Mauli was a dynasty of kings that ruled the Bhumi Malayu or Dharmasraya kingdom, centered in the Batanghari river system (today Jambi and West Sumatra provinces, Sumatra), from the 11th century to the 14th century.[1] Most Mauli kings were MahayanaVajrayana Buddhists.


The dynasty appeared almost two centuries after the fall of the Sailendra dynasty that ruled Srivijaya, after the Chola invasion in 1025, led by Rajendra from Tamil Nadu, India. It seems that the family was once the member of the Srivijayan mandala and stepped into the power to rule the former Srivijayan mandala which included Sumatra and Malay Peninsula. The dynasty was based on the Batanghari river system, initially centered in Muaro Jambi, and considered as the successor state of Srivijaya. In the later period, the kingdom's capital shifted inland upstream from Batanghari to Dharmasraya, and later moved further inland to Pagaruyung in present-day West Sumatra province.

List of rulers

Following is the list of Mauli kings that ruled Bhumi Malayu:

Year King's name Stylized title Capital /
center of power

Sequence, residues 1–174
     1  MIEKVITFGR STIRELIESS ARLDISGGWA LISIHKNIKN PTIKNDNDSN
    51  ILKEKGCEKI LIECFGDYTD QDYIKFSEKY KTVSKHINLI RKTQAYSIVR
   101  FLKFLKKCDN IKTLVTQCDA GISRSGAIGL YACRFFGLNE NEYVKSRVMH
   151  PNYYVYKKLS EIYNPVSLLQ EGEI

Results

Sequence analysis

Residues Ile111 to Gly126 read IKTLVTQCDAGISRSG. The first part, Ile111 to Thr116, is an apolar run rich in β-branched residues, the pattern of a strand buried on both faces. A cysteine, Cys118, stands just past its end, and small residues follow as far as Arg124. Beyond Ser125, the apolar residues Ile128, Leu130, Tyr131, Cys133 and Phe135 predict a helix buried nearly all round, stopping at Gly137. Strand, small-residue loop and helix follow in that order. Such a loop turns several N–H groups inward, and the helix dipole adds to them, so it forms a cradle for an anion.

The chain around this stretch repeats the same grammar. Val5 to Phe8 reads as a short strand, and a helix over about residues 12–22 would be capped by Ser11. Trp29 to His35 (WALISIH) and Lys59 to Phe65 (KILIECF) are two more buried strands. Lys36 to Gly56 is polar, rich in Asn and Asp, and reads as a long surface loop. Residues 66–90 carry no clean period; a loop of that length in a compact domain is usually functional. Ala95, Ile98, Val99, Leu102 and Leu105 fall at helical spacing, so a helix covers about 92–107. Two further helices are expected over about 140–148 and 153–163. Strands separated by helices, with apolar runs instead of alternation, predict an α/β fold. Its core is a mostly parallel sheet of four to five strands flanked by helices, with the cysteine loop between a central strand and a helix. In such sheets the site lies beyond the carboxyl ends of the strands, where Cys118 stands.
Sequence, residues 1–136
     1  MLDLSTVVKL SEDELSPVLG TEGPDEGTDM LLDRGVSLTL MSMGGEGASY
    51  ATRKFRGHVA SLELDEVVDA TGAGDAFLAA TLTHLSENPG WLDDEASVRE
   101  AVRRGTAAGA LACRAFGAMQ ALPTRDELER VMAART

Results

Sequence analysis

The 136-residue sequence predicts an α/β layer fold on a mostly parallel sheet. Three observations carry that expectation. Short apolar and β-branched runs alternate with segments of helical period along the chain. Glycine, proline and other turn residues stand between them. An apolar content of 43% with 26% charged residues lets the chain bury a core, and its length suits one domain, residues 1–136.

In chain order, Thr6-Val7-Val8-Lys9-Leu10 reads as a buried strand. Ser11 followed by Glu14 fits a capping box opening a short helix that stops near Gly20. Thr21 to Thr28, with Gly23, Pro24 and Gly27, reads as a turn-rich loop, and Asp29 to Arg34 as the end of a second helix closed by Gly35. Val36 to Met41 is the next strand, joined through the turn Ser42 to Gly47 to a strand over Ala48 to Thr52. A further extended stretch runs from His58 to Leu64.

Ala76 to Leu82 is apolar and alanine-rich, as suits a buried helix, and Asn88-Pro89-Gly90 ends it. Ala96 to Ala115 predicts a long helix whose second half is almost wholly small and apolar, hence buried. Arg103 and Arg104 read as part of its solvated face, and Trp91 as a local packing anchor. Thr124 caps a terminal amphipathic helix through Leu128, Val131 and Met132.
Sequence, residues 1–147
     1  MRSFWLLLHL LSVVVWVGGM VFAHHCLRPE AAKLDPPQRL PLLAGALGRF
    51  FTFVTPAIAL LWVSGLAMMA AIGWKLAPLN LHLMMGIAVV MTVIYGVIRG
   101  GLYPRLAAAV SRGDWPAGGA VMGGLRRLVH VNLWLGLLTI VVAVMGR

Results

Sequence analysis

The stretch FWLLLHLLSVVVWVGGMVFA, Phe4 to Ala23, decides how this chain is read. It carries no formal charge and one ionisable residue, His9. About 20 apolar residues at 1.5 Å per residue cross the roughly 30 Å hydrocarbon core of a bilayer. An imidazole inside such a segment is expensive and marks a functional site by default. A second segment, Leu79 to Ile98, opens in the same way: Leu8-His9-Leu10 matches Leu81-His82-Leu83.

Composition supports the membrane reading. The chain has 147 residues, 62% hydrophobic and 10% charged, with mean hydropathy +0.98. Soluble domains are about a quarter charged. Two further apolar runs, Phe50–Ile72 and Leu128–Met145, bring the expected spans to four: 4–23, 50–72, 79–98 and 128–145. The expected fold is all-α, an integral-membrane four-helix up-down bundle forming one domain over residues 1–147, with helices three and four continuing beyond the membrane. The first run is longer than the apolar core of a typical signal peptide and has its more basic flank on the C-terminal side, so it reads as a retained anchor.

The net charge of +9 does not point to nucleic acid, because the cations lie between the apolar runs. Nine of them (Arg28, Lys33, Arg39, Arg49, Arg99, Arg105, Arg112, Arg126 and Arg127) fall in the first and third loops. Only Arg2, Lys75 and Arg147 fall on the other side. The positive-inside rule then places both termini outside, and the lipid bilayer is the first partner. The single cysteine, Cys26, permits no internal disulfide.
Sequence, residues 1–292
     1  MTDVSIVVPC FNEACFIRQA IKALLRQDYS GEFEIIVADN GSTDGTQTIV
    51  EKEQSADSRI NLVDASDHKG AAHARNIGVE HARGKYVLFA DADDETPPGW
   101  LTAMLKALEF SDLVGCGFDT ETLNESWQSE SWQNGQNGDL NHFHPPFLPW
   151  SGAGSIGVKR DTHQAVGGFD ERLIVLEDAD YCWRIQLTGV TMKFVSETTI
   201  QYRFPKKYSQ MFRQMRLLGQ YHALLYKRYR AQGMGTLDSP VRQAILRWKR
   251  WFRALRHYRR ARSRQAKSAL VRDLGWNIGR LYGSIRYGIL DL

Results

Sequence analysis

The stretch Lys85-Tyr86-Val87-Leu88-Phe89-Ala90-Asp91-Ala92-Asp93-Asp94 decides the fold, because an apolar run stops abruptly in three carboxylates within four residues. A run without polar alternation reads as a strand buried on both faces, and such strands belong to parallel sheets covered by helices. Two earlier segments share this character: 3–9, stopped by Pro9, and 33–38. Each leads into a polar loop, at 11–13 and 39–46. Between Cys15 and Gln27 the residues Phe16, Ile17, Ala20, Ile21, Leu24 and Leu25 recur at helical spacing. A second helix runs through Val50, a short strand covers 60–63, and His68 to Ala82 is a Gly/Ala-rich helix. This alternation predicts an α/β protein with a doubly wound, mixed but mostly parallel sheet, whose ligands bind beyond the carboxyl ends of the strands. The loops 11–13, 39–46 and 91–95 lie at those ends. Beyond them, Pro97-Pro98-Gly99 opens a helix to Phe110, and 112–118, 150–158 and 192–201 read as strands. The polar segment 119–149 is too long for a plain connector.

Inscription, embassies, and events
1183 Trailokyaraj Srimat Trailokyaraja Maulibhusana Warmadewa Dharmasraya Grahi inscription dated 1183 in Grahi (Chaiya), Southern Thailand Malay Peninsula.
1286 Tribhuvanaraj Srimat Tribhuvanaraja Mauli Warmadewa Dharmasraya Pamalayu expedition launched by Singhasari from Java, Padang Roco inscription dated 1286 in today Dharmasraya Regency.
1300 Akrendravarman Sri Maharajadhiraja Srimat Sri Akarendrawarman Dharmasraya or Pagaruyung or Suruaso Suruaso inscription in today Tanah Datar Regency.
1347 Adityavarman Srimat Sri Udayadityawarman Pratapaparakrama Maulimali Warmadewa Pagaruyung or Suruaso Moving the capital to Pagaruyung or Suruaso, inscription on Amoghapasa dated 1347 in today Dharmasraya Regency, Kuburajo inscription in today Tanah Datar Regency.
1375 Ananggavarman Pagaruyung or Suruaso Batusangkar inscription today Tanah Datar Regency.
? Vijayandravarman Parwatapuri (Rao Mapattunggul or Pasaman?) Erected stupa at Parwatapuri, possibly Tarung-Tarung temple and Pancahan in Rao Mapattunggul, or a temple ruin (biaro) in Tanjung Medan, Petok village, Panti Panti, Pasaman Regency.

Lubuk Layang inscription

See also


  1. ^ Muljana, Slamet, 2006, Sriwijaya, Yogyakarta: LKIS.